Richard Gray: Will Brexit threaten EU protected food names?
Richard Gray, partner and head of the corporate team at Carson McDowell in Belfast, examines the potential impact of Brexit on the food and drink sector.
According to Invest Northern Ireland, the food and drink sector is worth £5 billion to the economy in Northern Ireland. As well as being the largest manufacturer and a leading exporter for the region it also employs 22,000 directly, with more than 78,000 engaged in farming and support services.
The concerns of local producers, processors and others about the impact of Brexit on the sector are well documented. The extent of disruption will depend on how and when the UK leave the European Union. One specific area of concern within the industry both here and elsewhere in the UK which has not yet received wide attention is the impact of Brexit on the status of EU protected food names post-Brexit.
What is an EU protected food name?
An EU protected food name provides producers with protection against other producers marketing their products using the same name, unless it is agreed with the EU. There are three different protection marks created by the EU, namely:
- Protected designation of origin
- Traditional speciality guaranteed
- Protected geographical indication
Whilst this article will briefly explain all three protection marks, it will mainly focus on PGIs.
Protected designation of origin (PDO)
To qualify the product must be produced, processed and prepared in one area with unique characteristics from this area to avail of a PDO. The product must be made with distinct local knowledge for the EU to grant a PDO. Northern Ireland has only one PDO, Lough Neagh Pollan, which was granted its status in 2018.
Traditional speciality guaranteed (TSG)
In order for a product to be protected with a TSG mark, it must have a traditional name and characteristics (cannot be due to the area the product is based or made in) that distinguish it from other products. Once a product is granted with a TSG mark, it can be produced in any country within the EU.
Protected geographical indication (PGI)
In order for a product to achieve PGI standard, the product must be produced, processed and prepared in one area and have distinct characteristics that are significant to that area. The EU will only award a product with the PGI mark if the producer can prove that it has a reputation, characteristics or qualities that are a direct effect of the area in which the product is associated with. Northern Ireland currently has three products with PGI status, which are: Comber New Potatoes, Armagh Bramley Apples, and Lough Neagh Eels.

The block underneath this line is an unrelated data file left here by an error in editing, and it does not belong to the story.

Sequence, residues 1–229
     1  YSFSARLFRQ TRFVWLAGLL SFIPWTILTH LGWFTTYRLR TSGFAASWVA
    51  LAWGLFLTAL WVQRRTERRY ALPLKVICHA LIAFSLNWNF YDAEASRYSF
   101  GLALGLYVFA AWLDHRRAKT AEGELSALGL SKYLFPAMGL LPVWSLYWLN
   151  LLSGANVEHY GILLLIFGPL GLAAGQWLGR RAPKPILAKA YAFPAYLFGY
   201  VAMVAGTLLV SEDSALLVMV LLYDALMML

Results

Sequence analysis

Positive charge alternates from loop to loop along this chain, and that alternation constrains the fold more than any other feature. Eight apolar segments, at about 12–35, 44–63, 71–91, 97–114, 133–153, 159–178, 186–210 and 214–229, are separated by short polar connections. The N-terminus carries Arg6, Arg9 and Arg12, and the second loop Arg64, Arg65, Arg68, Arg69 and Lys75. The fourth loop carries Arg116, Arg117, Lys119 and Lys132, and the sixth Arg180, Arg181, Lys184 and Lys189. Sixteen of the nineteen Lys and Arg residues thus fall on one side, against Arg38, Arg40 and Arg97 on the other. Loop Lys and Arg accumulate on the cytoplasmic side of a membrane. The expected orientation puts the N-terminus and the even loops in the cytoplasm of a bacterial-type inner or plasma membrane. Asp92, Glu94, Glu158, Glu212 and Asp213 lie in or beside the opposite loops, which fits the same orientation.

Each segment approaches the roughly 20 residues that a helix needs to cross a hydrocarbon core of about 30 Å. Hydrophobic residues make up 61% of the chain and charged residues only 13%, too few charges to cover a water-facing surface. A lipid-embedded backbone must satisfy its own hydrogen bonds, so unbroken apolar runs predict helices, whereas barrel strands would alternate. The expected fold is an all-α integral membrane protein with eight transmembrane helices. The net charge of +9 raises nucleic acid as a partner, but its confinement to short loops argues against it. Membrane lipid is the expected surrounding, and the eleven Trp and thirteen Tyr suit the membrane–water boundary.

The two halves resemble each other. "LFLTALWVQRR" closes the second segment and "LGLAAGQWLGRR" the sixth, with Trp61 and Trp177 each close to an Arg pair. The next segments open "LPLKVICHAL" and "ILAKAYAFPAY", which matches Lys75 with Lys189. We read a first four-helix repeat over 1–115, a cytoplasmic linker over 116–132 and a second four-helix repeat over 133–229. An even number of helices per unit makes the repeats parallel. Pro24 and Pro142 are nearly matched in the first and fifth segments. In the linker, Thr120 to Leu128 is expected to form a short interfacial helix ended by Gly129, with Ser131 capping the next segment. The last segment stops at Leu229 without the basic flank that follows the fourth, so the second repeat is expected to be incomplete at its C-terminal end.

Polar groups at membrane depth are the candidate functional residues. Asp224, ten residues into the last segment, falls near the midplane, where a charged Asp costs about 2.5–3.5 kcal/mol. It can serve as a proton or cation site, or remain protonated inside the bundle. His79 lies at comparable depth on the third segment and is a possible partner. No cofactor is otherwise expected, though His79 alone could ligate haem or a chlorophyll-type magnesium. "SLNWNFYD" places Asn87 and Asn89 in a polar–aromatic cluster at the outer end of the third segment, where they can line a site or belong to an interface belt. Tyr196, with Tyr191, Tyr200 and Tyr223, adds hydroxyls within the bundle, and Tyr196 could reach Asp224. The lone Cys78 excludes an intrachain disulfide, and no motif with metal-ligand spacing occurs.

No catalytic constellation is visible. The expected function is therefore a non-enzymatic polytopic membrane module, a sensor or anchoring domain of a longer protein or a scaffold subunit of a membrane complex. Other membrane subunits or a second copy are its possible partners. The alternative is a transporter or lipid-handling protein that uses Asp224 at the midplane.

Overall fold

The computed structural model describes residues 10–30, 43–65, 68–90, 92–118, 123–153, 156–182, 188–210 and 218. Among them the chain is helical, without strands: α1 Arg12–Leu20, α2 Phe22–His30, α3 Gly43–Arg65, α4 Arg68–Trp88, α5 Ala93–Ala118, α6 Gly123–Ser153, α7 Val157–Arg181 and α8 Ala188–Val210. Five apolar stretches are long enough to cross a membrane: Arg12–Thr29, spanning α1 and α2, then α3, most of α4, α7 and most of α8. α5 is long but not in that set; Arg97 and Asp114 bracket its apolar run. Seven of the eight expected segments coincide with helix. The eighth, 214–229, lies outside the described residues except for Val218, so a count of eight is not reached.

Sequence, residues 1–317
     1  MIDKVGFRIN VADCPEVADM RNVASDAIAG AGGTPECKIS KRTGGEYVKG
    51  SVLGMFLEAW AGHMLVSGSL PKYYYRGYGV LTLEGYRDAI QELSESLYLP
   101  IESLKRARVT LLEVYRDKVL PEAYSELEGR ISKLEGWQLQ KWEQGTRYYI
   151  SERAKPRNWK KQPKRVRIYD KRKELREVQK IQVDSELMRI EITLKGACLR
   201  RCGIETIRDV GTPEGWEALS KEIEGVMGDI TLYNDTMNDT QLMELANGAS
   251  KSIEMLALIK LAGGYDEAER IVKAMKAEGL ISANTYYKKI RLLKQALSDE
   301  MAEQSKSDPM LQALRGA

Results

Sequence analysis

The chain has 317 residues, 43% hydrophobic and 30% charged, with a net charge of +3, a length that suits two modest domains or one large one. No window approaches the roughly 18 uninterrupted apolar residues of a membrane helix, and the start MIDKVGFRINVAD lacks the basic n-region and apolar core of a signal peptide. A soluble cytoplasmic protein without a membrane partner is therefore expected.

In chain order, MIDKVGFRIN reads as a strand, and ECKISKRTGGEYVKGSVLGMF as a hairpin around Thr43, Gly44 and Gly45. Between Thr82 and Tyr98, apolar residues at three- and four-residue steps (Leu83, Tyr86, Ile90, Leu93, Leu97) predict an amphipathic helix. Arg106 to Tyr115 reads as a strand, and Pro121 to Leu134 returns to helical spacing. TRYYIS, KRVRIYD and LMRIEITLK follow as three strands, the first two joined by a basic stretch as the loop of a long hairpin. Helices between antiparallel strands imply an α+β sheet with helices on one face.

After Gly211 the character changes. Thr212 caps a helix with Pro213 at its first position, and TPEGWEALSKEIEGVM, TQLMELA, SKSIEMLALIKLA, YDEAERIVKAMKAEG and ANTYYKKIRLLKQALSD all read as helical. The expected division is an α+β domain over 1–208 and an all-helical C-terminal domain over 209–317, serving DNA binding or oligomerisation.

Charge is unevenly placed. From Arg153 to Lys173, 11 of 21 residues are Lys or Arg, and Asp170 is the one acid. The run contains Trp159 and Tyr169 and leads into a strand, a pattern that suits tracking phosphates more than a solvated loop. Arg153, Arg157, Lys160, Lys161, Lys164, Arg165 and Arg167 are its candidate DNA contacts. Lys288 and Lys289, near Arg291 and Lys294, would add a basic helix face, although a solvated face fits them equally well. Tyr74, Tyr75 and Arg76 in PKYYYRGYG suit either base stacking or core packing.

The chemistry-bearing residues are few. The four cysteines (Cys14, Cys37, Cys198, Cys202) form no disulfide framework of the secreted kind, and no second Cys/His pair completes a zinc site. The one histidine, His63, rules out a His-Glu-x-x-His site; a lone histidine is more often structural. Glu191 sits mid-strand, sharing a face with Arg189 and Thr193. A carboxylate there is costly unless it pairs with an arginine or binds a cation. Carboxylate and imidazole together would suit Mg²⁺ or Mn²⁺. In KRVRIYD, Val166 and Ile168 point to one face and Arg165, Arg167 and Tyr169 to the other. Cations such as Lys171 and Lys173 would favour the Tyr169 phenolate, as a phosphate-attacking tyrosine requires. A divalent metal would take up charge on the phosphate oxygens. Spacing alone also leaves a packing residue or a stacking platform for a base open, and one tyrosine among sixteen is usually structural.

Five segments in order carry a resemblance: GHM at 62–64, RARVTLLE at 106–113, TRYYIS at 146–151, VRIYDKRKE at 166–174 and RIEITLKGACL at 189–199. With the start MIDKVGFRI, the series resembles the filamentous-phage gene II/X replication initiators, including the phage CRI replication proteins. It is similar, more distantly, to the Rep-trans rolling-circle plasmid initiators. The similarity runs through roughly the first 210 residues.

Loss of PGI mark protection to producers of these products will further exacerbate the negative impacts of Brexit. Of course other forms of intellectual property right may exist in particular brands or products, but the PGI mark brings with it the opportunity to enhance the value of the protected product.
Brexit with a deal
Even if the UK were to leave with a deal, uncertainty still remains as to whether it would be based on the terms of the Withdrawal Agreement or an alternative negotiated deal. At the time of writing the latter looks unlikely. The transitional arrangements envisaged by Withdrawal Agreement would enable geographical indications to remain protected until the final day of the transition period (31st December 2020) without any reassessment. If this is agreed, there would be no change for individuals or businesses in how they control and use signs protected by geographical indications in the meantime.
It seems likely that any negotiated deal would provide for all current UK PGIs to continue to be protected in the UK and EU and vice versa. However, nothing is ever certain with Brexit.
Brexit with no deal
In the event that the UK ‘crashes out’ without a deal, it is anticipated that the UK government would set up their own scheme to mirror that of the EU. The Department for Environment, Food and Rural Affairs (Defra) would use the same classes of EU geographical indications. Defra would also manage the schemes, maintain the register of protected products and process new applications. The schemes would be open to the UK and both EU and non-EU members to apply. However those protections would only apply within the UK.
However, Food and drink producers would need to prepare to apply to the European Commission to regain EU protection and the right to use the EU geographical indication in a no deal scenario.
Reapplying for EU protection could become a potentially time-consuming and costly issue for food and drinks producers. The potential for a time period that leaves NI PGIs unprotected could leave scope for imitators or products of a lesser quality to take advantage until PGI protection is restored.
Producers of products protected under the PGI scheme will hope that the UK government does all it can to ensure there is no undermining of the value of PGI scheme to the detriment of NI producers. Any such impact would further exacerbate the Brexit related concerns of producers. In advance of any further clarification from the government, producers should look at other steps to mitigate the risk of losing PGI status and protecting their brands, for example to ensure protection of intellectual property rights within the EU they may wish to consider applying to register a trade mark, collective mark or certification mark in the EU.